BirdLife Zimbabwe was founded in 1951 as the Rhodesian Ornithological Society (ROS) and became a full member in BirdLife International (BLI) in April 2002. BLI is a global partnership of 120 membership-based organisations that have a common interest in the conservation of birds and biodiversity. Our UK partner, the Royal Society for the Protection of Birds (RSPB) assists us with core funding.

Our fundamental purpose is to promote the survival of bird life in Zimbabwe and elsewhere for its intrinsic value and the enjoyment of future generations. Our strategic objectives are centered on species, sites/habitats, people and sustainability.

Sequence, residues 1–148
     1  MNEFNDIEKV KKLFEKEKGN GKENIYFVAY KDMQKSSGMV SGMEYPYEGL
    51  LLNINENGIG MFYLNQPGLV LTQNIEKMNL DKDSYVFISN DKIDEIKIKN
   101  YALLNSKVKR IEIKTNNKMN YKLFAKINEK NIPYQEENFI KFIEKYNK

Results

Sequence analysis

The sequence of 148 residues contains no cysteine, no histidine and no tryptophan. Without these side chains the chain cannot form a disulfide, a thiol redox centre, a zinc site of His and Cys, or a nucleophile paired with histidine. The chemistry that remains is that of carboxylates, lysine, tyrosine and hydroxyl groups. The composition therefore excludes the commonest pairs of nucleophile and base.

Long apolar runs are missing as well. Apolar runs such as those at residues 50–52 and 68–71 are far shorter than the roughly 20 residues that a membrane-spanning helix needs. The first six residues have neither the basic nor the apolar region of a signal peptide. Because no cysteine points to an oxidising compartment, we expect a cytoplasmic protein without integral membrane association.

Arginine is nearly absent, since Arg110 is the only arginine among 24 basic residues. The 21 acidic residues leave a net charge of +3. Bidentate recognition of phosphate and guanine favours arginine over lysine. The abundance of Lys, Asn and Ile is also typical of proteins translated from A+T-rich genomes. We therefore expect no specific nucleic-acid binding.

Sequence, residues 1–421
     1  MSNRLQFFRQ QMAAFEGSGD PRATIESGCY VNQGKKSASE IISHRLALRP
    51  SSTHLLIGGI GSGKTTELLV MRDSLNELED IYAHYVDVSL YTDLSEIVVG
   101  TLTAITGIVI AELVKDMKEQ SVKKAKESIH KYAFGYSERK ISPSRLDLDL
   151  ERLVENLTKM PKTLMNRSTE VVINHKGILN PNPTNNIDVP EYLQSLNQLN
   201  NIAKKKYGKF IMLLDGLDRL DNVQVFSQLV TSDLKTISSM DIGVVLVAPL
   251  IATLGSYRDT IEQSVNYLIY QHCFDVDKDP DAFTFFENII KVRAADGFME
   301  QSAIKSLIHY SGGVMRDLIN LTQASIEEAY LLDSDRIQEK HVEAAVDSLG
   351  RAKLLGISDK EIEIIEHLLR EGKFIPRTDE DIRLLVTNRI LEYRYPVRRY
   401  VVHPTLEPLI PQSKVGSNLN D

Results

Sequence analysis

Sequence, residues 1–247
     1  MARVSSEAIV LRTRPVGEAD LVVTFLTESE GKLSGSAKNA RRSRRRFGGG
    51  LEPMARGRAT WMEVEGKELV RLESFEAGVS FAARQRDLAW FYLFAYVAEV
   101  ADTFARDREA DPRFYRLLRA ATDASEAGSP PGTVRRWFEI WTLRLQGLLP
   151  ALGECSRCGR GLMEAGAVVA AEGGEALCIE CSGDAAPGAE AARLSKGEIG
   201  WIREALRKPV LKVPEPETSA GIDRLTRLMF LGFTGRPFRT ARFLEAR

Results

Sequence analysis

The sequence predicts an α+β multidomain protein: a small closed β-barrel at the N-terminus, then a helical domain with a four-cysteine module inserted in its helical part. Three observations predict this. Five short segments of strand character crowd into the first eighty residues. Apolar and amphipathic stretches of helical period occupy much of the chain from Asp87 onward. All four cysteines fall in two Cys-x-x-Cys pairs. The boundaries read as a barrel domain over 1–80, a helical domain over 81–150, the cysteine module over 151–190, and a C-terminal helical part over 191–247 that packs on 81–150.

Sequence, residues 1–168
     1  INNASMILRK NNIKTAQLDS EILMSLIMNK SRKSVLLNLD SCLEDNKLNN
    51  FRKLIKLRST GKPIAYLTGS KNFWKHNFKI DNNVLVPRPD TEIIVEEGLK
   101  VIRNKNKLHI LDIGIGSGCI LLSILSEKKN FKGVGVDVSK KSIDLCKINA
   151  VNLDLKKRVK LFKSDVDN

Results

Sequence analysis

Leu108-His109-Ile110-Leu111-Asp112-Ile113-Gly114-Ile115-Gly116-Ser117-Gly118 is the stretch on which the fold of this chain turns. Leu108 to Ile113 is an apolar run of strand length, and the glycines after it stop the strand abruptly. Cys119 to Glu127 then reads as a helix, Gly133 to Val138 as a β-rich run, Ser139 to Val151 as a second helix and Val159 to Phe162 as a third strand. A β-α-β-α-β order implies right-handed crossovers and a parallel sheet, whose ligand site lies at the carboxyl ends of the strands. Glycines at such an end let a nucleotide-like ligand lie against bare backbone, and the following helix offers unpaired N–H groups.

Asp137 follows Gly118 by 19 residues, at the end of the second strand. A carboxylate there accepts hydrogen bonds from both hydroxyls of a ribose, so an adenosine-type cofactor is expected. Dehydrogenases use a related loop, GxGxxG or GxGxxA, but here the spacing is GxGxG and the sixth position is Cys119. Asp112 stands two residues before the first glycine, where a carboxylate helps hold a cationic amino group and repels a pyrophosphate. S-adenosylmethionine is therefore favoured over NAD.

BirdLife Zimbabwe own their headquarters based in Harare thanks to a generous donation from our partner in the Netherlands, Vogelbescherming Nederland. The BLZ Council is responsible for the smooth running of the organisation and holds regular meetings. Outings, evening meetings, surveys and citizen science projects are organised by the branches. Conservation donor funded projects are undertaken by the staff.

Contact Us

BirdLife Zimbabwe physical location:
35 Clyde Road, Eastlea, HARARE, ZIMBABWE

Tel: (+263-4) 481496/490208



BLZ members can take part in various surveys:

Bird Atlassing – SABAP2 (Southern African Bird Atlassing Programme 2) in Zimbabwe. This exciting project is run by the Animal Demography Unit at the University of Cape Town. This is birding with a purpose - participation in this programme means that you can make a valuable contribution to our knowledge of birds and therefore to bird conservation. Our information will be put straight on to the Zimbabwean map - for more information please contact You can also go on to the SABAP2 zimbabwe facebook site and sign on directly with the ADU and start atlassing .